The test that can check if chemo will work for you


The test that can check if chemo will work for you: NHS will roll out a blood test which predicts the patient’s ability to break down chemotherapy drugs

  • NHS announced plans for a blood test to decide if patients need chemotherapy
  • Test searches for a particular gene to determine if chemotherapy is suitable 
  • The new test will apply for specific cancers including that of the breast and lung 

Cancer patients will be offered a rapid test to help decide whether chemotherapy is a suitable treatment for them.

The NHS has announced plans to roll out a blood test which detects a particular gene.

If a patient has low levels of this gene, it suggests they will be less able to break down chemotherapy drugs in their body and another treatment is needed.

The test will apply to treatment for particular kinds of cancer, including breast and lung.

Cancer patients will be offered a rapid test to help decide whether chemotherapy is a suitable treatment for them (stock image)

While most patients having chemotherapy do not suffer severe side effects, a small number who take certain drugs called fluoropyrimidines can suffer from nausea, vomiting, diarrhoea or breathlessness. Some people can have severe skin reactions and, in rare cases, the reaction between the drugs can be fatal.

The blood test, which was previously available in only a small number of hospitals, will help doctors decide whether someone should opt for a lower chemotherapy dose or switch to a different method of tackling tumours.

As many as 40 per cent of those who get tested are expected to benefit from the new scheme, the NHS said.

Professor Dame Sue Hill, chief scientific officer for England and senior responsible officer for genomics in NHS England, said: ‘This announcement marks an important moment for how genomics can help tailor treatments to make them safer for patients.

‘As our understanding of the role our DNA plays in disease grows, we will be able to use this approach to help develop personalised treatments for other conditions and embed genomics into routine care.’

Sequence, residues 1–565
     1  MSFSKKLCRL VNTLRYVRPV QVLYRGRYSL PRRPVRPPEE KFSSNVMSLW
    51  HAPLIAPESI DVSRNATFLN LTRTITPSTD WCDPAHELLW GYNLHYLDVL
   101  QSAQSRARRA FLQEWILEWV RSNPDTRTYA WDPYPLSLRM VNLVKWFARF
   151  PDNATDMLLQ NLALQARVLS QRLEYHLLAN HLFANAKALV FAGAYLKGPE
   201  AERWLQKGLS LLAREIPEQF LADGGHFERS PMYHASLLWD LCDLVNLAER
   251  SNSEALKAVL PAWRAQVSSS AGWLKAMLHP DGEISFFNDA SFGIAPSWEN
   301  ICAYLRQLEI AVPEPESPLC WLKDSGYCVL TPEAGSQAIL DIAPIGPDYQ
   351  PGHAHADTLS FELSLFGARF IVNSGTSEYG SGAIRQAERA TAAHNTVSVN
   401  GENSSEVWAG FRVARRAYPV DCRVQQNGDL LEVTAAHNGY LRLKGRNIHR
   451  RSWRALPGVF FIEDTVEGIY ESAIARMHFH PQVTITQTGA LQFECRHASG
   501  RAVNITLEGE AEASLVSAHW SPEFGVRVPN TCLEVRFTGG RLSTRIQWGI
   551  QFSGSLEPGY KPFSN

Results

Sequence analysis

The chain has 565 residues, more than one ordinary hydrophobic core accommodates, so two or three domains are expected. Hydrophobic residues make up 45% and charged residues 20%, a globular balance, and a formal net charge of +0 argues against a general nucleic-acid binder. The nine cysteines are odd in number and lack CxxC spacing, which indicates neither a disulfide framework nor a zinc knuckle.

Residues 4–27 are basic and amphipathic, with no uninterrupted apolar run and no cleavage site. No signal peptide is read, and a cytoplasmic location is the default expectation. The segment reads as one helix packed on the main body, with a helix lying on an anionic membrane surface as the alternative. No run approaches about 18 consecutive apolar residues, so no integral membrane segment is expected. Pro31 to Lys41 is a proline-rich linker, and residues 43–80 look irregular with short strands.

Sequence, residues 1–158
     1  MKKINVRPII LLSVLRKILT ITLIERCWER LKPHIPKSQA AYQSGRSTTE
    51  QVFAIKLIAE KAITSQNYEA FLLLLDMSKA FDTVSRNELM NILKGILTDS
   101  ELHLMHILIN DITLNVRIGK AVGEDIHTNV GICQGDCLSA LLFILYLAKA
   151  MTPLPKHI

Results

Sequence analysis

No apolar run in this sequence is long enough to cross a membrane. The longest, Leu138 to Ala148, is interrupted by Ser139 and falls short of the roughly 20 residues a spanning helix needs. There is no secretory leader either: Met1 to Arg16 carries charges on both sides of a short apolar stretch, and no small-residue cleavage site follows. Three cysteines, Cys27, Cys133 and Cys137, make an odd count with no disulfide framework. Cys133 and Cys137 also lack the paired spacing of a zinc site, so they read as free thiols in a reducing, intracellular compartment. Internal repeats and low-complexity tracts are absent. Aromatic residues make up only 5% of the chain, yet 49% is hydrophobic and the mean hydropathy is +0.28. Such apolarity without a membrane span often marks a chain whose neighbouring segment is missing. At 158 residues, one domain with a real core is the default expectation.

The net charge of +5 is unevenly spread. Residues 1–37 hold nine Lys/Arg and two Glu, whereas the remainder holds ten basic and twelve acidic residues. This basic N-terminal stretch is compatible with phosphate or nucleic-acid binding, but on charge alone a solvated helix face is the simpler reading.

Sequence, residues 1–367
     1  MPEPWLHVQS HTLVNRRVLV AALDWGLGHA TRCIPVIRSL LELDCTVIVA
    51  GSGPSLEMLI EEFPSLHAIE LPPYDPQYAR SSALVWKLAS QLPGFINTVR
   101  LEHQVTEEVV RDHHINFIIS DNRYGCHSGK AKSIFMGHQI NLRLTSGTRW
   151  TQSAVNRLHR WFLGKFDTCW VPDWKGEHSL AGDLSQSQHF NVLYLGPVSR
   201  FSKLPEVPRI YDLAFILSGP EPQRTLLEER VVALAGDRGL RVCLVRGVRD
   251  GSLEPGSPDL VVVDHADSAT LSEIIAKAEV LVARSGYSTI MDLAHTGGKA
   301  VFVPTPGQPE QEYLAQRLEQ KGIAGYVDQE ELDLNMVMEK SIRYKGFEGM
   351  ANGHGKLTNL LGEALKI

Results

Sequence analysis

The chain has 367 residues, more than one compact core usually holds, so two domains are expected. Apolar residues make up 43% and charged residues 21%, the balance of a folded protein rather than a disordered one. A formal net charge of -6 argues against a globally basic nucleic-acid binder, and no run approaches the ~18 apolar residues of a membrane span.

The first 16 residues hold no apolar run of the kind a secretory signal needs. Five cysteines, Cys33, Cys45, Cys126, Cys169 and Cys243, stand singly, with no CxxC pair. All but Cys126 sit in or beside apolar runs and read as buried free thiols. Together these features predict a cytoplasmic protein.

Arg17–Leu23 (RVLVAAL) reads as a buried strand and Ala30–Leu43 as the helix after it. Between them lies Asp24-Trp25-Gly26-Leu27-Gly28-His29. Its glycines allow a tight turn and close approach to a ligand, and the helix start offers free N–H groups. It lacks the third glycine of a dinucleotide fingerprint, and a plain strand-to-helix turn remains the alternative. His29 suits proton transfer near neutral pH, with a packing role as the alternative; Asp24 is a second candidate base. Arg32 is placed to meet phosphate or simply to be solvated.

Some 38,000 people start chemotherapy treatment with fluoropyrimidines, including patients with breast, lung and colorectal cancer. And every year between 10 and 40 per cent of these patients may have severe reactions to their treatment, with 1 per cent of reactions proving fatal.

Some 38,000 people start chemotherapy treatment with fluoropyrimidines, including patients with breast, lung and colorectal cancer (stock image)

Some 38,000 people start chemotherapy treatment with fluoropyrimidines, including patients with breast, lung and colorectal cancer (stock image)

The genetic test will look for changes in a specific gene called DPYD. And low levels of the gene could mean they are likely to have a lower level of the enzyme needed to break down chemotherapy drugs in the body.

The test will be available across the country and will be funded by NHS England and NHS Improvement. 

Professor Peter Johnson, NHS England’s national clinical director for cancer, said: ‘Cancer survival rates are at a record high but the condition still causes huge suffering for millions of patients and their loved ones every year.

‘This test can help us to treat people with cancer as safely as possible, at what has been and continues to be an exceptionally difficult time for millions of us.

‘The number of people having their cancer care with the NHS is back to levels we saw before Covid-19, with nearly 350,000 having treatment since the first peak.

‘And as the NHS continues to prioritise essential cancer care, this latest innovation is another important tool to ensure people in England get the best possible treatment.’

The test marks the latest in a series of innovations and genomic discoveries adopted by the NHS to deliver personalised cancer care.

The ten-year NHS Long Term Plan aims to catch three-quarters of tumours at an early stage when they are easier to treat. The NHS said it has prioritised cancer treatment during the pandemic, as well as securing £160million for drugs which have less impact on immune systems.

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